7. Honoring the Goddess

Honoring the Goddess

Honoring the Goddess, oil pastels on canvas, 2008

This image came from a sunny Sunday afternoon in June, 1993, on the first few weeks of what eventually evolved into a three-year journey around the world.  I was hiking along a back-country road in Provence, between the villages of Apt and Bonneaux.  Earlier that morning, I met a French woman busy harvesting thousands of black burgundy cherries.  She insists that I take some, and I fill my straw hat well-past overflowing with ripe, sensuous cherries.  Although we’d met for only a moment, the encounter’s symbolism still resonates – that the Goddess of the Harvest incarnate had introduced herself to me on the morning of The Mid Summer’s Day.

After a memorable meal (more sensual delights), I walked across a meadow where wild oregano grew underfoot.  Every step became a delight to the nose.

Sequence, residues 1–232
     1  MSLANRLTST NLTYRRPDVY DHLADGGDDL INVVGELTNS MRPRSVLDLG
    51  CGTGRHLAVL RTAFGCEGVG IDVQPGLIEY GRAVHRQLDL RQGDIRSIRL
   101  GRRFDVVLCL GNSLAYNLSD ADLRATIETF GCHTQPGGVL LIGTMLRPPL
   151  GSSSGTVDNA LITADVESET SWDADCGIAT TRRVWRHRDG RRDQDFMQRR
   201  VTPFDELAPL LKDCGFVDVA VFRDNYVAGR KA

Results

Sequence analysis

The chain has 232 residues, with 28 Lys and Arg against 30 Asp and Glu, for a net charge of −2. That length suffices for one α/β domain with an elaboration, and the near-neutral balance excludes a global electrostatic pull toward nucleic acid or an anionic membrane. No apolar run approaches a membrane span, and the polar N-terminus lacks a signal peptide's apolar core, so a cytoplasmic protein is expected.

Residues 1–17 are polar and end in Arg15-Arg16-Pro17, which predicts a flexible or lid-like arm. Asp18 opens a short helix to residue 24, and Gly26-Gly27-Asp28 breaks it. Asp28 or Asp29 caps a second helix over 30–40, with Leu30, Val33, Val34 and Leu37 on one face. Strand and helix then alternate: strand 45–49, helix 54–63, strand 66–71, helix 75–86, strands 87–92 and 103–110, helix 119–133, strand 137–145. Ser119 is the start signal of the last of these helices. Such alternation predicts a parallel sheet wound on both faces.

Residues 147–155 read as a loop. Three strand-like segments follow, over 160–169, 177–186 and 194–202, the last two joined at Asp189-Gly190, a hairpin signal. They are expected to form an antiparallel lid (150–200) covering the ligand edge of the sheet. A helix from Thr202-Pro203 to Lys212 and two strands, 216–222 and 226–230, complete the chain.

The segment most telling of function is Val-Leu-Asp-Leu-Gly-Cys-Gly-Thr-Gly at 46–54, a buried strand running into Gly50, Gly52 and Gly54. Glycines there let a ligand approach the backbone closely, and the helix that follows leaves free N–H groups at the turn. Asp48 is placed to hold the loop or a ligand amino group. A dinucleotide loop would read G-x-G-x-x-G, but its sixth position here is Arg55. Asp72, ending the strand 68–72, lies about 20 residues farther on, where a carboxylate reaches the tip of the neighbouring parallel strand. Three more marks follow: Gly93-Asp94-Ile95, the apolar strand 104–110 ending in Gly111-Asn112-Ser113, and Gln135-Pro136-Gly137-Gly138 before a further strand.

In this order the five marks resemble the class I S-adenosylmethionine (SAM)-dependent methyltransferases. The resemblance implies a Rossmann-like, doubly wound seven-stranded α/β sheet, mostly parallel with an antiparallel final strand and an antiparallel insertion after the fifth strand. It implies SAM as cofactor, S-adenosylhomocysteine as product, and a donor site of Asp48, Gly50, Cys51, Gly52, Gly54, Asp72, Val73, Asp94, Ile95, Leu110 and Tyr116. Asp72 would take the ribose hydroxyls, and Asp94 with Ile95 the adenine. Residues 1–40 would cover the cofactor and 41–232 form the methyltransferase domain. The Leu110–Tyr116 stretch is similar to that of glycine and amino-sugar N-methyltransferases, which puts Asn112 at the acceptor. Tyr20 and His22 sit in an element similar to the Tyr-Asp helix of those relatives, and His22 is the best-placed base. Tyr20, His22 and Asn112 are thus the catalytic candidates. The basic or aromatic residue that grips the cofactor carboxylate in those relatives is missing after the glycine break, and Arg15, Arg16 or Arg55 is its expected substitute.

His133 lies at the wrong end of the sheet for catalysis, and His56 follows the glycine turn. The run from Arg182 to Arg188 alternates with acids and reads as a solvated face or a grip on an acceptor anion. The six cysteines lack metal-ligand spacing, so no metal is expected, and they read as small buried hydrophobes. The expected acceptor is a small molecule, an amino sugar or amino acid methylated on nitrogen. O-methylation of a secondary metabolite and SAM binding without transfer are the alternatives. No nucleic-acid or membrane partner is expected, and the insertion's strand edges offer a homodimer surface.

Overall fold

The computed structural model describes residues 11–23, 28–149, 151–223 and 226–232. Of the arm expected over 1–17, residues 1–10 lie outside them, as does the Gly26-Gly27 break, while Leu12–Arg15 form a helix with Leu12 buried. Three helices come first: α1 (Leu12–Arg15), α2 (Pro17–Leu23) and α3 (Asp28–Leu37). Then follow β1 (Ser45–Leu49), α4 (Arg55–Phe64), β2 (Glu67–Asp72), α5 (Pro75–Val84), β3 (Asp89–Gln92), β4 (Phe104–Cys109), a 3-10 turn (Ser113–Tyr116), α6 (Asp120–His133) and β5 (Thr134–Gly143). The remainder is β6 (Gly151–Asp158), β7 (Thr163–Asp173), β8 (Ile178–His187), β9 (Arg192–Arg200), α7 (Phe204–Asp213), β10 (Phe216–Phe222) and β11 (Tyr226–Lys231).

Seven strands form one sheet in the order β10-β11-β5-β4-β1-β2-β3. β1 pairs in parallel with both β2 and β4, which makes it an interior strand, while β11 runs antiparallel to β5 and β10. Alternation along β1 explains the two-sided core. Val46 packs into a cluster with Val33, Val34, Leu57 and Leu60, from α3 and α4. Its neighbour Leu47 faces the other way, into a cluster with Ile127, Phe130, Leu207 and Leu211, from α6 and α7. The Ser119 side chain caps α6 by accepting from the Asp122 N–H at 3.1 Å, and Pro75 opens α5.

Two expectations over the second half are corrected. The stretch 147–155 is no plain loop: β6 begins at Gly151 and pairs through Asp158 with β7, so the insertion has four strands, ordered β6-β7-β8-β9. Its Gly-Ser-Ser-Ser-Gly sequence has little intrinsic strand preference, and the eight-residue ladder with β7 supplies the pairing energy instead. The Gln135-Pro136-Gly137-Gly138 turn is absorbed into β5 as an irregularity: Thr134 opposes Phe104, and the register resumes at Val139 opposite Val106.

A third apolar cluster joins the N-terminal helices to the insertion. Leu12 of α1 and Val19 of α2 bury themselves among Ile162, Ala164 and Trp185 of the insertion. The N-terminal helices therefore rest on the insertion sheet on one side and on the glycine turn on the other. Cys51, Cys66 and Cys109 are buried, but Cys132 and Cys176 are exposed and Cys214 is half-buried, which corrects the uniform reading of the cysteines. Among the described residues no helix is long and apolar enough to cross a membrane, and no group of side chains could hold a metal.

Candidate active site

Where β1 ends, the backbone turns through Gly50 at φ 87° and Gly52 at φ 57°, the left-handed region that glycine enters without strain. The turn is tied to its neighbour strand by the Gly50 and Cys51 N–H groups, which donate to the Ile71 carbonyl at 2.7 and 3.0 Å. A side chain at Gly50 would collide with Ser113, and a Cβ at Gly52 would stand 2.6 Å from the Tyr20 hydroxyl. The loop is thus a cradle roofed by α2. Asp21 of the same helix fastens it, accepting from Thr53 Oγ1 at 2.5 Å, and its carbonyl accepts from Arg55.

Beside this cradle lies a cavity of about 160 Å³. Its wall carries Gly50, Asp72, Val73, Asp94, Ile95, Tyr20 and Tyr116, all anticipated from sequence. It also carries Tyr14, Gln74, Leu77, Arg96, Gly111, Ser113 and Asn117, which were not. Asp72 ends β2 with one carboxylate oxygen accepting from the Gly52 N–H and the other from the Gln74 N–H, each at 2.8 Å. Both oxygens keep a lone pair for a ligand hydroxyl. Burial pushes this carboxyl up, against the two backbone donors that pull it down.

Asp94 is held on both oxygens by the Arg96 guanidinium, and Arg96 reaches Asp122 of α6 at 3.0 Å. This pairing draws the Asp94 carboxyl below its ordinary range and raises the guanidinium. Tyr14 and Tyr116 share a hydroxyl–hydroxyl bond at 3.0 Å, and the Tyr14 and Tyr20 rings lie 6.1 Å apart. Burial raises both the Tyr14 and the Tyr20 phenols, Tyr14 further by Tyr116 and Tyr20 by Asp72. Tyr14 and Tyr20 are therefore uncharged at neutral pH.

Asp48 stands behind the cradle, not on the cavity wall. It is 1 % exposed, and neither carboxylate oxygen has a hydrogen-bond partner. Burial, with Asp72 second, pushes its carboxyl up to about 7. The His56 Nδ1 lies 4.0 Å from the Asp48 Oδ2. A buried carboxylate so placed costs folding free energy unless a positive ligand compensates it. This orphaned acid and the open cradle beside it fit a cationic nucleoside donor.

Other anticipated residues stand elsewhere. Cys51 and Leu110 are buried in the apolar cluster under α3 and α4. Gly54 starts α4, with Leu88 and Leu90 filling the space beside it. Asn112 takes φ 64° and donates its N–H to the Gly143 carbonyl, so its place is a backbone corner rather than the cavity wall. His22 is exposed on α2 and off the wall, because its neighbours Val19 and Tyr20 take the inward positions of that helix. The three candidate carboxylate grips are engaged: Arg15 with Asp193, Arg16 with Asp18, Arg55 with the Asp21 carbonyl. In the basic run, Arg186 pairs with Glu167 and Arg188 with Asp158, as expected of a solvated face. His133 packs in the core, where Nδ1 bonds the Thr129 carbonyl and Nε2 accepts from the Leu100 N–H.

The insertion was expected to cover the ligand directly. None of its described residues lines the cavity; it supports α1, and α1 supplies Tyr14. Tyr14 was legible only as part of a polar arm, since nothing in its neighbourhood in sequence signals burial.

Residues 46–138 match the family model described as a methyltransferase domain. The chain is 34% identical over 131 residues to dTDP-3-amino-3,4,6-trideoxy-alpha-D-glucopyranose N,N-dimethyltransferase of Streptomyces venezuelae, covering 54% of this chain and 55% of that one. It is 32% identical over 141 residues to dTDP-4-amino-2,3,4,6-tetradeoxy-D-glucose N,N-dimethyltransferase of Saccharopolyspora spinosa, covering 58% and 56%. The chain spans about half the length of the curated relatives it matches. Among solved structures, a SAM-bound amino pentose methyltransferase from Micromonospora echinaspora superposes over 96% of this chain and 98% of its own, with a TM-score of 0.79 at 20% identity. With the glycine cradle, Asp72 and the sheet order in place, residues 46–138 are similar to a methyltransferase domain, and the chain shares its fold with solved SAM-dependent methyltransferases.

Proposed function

Then across the meadow to this field of lavender.  The earth of the field was dry and rocky, yet such a fragrance from these plants!  Like the cherries and all the other sensory delights, this too was a gift from the goddess.  It was as if she was imprinting into my consciousness that she had uncountable gifts to give me, each one a sensual treasure.

Being led to this this field of lavender was the sensory straw that broke my camel-like resistance to the Goddess. “I surrender. I am your servant”  I knelt before her, deeply inhaled, and vowed to accept and give all that She would ever require of me.

The contrast between masculine and feminine in this piece is intentional.  I exaggerate the arm size to convey masculine strength (all superfluous for the purpose of caressing lavender.)  I render the lavender bush in long strokes alternating between shadow and light, giving it a human presence — willowy legs, perfumed nipples rising from the dark shadows of the Earth.

This is surrender not in the sense of quitting, but as one surrenders to a calling or a higher power.

~ by Delfino on 2008/12/18.

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